Etiologic considerations in superior vena cava syndrome

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Abstract

The Mayo Clinic experience with superior vena cava obstruction during the last 20 years was reviewed. The superior of superir vena cava obstruction is often made at the bedside. Typical symptoms include suffusion, dyspnea, cough, and, less commonly, pain, syncope, dysphagia, and hemoptysis. The most important physical findings are the increased collateral veins covering the anterior chest wall and the dilated neck veins with edema of the face, arms, and chest. The chest x-ray film usually shows widening of the superior mediastinum. Of our 86 cases of superior vena cava obstruction, 67 (78%) were due to malignancy and 19 (22%) to benign causes. The cause of obstruction is usually established by bronchoscopy, open lung biopsy, or biopsy of the superficial lymph node. Radiotherapy remains the standard approach for the treatment of superior vena cava obstruction due to malignant disease. It is of particular interest to note that of the six benign cases resulting from thrombosis of the superior vena cava, three were due to the use of central venous catheters. Physicians should be aware of this association.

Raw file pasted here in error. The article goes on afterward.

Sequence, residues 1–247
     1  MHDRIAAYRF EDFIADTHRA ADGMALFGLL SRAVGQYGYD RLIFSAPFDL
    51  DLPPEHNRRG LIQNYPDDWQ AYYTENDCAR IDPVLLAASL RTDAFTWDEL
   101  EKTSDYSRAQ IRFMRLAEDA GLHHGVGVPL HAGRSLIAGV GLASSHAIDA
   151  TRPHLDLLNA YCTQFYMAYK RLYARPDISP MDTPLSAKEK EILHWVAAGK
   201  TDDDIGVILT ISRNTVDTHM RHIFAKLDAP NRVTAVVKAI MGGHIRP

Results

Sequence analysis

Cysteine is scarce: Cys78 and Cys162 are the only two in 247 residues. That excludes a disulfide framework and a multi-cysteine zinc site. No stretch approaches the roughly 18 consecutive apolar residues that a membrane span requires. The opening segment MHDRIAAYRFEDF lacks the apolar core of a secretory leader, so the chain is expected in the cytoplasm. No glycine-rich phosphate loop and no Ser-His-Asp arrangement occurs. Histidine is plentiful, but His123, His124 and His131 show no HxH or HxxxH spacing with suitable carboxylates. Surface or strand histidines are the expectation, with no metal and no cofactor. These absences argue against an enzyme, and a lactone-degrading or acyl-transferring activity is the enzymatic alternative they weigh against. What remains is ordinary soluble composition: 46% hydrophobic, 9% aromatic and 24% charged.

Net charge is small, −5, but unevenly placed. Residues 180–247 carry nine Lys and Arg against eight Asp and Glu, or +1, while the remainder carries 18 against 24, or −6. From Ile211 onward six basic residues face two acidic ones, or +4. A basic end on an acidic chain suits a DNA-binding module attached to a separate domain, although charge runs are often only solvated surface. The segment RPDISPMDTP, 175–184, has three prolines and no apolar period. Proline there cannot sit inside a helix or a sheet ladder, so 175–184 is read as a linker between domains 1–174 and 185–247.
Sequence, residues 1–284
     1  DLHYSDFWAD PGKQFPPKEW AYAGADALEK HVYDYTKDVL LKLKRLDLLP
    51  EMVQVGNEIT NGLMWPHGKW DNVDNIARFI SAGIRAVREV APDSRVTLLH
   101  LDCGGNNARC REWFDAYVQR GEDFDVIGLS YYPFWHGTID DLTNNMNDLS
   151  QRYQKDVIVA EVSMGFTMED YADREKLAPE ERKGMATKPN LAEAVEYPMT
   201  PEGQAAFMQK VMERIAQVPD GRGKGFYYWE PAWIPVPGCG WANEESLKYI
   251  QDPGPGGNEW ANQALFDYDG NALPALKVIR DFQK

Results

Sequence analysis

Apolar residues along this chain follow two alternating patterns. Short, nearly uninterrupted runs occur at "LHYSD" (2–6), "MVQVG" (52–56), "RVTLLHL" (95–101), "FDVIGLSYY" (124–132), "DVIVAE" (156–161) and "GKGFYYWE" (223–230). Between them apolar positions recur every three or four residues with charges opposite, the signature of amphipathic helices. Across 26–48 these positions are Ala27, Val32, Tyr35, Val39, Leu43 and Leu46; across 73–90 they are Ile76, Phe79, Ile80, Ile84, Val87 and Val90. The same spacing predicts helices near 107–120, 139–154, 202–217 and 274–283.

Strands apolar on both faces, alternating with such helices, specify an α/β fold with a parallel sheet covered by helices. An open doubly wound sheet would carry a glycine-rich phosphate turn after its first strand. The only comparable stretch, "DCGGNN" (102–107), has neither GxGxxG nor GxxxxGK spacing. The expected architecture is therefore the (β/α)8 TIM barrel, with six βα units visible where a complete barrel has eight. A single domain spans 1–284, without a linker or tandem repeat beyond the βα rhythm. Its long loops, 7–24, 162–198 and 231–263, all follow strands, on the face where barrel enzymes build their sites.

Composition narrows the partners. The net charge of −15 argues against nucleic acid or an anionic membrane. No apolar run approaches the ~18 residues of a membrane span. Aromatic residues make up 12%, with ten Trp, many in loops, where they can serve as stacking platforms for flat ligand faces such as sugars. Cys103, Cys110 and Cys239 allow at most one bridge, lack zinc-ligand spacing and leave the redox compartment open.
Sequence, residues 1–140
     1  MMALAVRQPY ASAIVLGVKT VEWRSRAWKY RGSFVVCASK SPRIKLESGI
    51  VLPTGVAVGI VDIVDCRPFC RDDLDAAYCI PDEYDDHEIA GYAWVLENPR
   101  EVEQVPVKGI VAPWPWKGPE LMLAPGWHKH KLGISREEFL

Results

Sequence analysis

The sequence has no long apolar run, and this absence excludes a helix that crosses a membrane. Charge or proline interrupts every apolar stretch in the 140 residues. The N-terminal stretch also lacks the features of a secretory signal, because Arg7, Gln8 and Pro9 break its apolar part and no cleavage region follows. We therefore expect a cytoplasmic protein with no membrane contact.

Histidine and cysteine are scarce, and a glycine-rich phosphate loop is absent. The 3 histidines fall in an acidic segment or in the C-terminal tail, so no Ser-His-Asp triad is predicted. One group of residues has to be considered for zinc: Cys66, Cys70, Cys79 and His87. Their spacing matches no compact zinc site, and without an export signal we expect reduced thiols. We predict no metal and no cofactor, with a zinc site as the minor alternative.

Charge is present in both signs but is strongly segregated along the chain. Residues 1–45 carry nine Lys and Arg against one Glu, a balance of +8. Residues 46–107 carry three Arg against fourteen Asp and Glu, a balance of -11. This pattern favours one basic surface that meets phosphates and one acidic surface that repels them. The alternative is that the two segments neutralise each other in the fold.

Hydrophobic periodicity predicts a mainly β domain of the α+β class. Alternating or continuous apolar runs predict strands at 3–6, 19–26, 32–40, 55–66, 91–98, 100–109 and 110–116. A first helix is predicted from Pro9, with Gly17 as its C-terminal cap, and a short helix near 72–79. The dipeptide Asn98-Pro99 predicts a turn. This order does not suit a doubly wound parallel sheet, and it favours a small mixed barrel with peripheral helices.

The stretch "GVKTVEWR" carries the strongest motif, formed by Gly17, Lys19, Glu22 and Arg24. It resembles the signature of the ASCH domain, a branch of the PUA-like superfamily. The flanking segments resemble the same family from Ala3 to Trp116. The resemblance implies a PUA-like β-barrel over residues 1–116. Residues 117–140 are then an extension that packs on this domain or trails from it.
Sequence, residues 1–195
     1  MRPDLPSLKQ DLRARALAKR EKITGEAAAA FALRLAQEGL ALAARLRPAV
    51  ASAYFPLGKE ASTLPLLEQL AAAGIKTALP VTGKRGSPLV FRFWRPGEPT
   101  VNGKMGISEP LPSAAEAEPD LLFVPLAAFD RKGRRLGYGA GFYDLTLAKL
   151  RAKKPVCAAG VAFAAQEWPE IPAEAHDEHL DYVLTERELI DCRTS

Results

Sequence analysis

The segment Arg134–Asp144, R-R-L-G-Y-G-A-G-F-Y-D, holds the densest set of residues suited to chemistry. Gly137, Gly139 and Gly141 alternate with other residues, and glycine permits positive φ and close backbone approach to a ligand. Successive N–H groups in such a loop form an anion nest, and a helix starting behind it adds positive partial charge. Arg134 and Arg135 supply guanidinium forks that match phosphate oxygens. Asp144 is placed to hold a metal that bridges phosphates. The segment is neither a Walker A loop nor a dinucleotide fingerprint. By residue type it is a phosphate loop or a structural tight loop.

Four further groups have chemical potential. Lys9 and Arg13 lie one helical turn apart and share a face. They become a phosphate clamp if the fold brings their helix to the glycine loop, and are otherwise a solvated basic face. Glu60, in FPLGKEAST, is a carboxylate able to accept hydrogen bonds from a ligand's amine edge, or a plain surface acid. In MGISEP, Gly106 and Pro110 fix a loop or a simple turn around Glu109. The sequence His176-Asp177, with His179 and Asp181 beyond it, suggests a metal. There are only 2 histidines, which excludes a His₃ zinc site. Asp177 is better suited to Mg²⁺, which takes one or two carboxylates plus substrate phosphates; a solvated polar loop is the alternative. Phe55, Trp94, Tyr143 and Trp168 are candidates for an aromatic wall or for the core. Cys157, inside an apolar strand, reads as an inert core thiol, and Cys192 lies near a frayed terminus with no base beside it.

Original languageEnglish (US)
Pages (from-to)407-413
Number of pages7
JournalMayo Clinic Proceedings
Volume56
Issue number7
StatePublished - 1981

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Parish, J. M., Marschke, R. F., Dines, D. E., & Lee, R. E. (1981). Etiologic considerations in superior vena cava syndrome. Mayo Clinic Proceedings, 56(7), 407-413.